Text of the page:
Bottom Line: Internet of things has no room for tradition

Elizabeth Fournier
LAST month, my aunt and uncle upgraded their Aga. The new model fits perfectly into their country kitchen – a tasteful pastel exterior and exposed, rustic hob – but there’s one big difference: this is an iAga, which can be controlled remotely by text or from a laptop (it even replies to tell you it’s following orders).

When even a 75-year-old British firm is getting in on the game, you know the so-called internet of things is starting to happen. At least that’s what Dixons and Carphone Warehouse hope, after claiming yesterday that their £3.8bn merger will create a “world class retailer for the new digital age”. At the moment there’s little convergence between what the firms offer: Dixons – which trades as Currys and PC World – hawks TVs, washing machines, cookers and cameras, while Carphone is all about mobile phones and tablets. But there are obvious synergies here; not least the £80m in annual savings that should help both firms, particularly on costs like rent and infrastructure that are becoming increasingly irrelevant in the age of internet shopping. But the new group will still have almost 3,000 stores – three times more than Marks & Spencer and about the same as Tesco has in the UK. That’s a huge high-street footprint for a merged firm that sells itself as a retailer of the future.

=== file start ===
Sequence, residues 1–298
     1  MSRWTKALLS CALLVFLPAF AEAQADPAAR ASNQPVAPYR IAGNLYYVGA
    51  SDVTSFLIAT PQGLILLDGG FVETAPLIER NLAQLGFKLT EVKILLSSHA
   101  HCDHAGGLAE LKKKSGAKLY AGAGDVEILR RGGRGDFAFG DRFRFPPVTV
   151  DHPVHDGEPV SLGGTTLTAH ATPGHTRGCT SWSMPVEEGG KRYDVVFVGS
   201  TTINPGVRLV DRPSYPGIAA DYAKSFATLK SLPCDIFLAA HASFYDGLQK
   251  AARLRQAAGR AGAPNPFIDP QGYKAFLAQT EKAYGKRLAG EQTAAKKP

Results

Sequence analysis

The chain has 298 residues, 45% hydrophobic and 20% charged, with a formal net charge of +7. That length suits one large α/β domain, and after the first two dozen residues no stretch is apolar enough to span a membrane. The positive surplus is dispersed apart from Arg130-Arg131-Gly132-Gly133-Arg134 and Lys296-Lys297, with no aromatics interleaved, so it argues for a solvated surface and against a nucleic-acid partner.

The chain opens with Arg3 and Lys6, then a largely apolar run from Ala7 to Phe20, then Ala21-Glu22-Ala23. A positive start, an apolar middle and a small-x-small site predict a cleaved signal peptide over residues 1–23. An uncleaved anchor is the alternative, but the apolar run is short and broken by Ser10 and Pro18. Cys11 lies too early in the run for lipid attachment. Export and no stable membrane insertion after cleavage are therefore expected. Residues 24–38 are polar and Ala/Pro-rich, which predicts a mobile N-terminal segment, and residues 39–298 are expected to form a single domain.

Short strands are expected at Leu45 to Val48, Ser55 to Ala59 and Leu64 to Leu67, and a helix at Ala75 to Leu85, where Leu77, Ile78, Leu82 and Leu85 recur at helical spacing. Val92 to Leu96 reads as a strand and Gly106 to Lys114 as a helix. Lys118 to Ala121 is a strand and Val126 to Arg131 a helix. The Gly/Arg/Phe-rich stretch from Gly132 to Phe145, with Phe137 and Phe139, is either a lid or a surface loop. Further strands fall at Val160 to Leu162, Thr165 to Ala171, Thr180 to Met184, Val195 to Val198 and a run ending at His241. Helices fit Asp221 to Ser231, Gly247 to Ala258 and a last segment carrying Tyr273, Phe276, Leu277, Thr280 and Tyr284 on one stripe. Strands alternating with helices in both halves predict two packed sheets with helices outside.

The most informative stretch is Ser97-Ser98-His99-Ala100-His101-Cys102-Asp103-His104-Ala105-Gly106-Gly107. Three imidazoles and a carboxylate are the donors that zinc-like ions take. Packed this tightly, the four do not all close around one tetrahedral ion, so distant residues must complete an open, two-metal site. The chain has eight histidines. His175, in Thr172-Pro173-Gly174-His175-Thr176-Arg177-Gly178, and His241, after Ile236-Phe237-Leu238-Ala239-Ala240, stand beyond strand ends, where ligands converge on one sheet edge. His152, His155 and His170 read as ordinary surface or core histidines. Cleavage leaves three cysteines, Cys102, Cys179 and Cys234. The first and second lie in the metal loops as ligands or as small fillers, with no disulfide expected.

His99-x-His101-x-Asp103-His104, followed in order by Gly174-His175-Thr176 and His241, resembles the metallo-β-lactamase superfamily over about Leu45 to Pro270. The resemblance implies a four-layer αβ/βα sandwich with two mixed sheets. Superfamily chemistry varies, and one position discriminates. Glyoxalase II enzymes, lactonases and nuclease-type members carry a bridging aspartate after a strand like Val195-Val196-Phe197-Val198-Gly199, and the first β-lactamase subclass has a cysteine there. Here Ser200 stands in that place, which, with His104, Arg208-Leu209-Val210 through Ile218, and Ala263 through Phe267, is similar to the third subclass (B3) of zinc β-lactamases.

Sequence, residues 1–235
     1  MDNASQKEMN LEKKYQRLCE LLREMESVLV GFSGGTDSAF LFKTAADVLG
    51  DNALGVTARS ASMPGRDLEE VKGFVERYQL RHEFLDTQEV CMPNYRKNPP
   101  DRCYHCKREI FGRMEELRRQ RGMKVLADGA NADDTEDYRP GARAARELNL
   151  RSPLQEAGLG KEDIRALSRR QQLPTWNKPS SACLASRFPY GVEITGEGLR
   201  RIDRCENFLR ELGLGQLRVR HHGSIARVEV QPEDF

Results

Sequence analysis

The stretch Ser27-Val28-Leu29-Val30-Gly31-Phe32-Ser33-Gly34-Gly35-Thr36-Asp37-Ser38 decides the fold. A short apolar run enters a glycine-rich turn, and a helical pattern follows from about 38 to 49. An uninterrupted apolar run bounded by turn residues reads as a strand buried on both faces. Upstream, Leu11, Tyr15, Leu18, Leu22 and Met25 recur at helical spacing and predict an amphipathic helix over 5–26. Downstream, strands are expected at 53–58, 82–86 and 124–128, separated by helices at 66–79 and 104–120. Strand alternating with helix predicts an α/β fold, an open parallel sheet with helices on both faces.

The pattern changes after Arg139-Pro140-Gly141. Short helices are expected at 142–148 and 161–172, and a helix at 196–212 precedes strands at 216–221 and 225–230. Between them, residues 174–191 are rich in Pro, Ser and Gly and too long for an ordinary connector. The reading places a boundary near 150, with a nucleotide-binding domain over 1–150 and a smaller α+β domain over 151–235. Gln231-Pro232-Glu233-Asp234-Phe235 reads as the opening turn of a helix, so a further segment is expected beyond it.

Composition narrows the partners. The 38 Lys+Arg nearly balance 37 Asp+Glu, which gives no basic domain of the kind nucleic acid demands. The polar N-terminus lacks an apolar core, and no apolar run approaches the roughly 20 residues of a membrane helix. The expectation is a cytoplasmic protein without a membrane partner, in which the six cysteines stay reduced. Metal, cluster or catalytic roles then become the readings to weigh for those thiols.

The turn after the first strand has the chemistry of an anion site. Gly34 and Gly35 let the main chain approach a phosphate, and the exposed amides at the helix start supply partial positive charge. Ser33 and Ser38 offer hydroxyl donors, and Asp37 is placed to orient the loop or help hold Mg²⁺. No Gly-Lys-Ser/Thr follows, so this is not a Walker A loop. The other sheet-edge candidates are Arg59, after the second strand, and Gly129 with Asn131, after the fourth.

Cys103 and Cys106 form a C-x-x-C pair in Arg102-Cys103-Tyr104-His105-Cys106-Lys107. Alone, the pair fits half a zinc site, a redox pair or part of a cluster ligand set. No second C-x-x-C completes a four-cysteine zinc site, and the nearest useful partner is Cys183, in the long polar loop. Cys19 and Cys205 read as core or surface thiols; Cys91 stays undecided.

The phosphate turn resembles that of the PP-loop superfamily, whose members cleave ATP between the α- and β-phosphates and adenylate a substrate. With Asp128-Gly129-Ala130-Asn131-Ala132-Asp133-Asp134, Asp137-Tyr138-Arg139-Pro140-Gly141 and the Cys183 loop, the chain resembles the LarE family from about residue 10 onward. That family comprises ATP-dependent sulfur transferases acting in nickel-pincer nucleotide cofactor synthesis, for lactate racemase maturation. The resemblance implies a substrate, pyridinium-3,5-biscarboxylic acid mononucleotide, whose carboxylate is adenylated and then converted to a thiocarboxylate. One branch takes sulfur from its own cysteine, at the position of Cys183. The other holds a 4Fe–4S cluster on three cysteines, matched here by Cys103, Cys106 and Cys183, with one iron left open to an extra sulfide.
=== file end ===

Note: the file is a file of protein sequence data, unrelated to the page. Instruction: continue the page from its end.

Unlike other mergers of equals, there is a real sense of partnership at the centre of this deal – the two CEOs go way back and spent much of yesterday making jokes about their impending marriage. But there are also huge risks, and investors showed yesterday they are far from convinced that the tie-up will succeed.

They’re right to be wary: it’s hard to see how such a huge physical presence fits into the internet of things.

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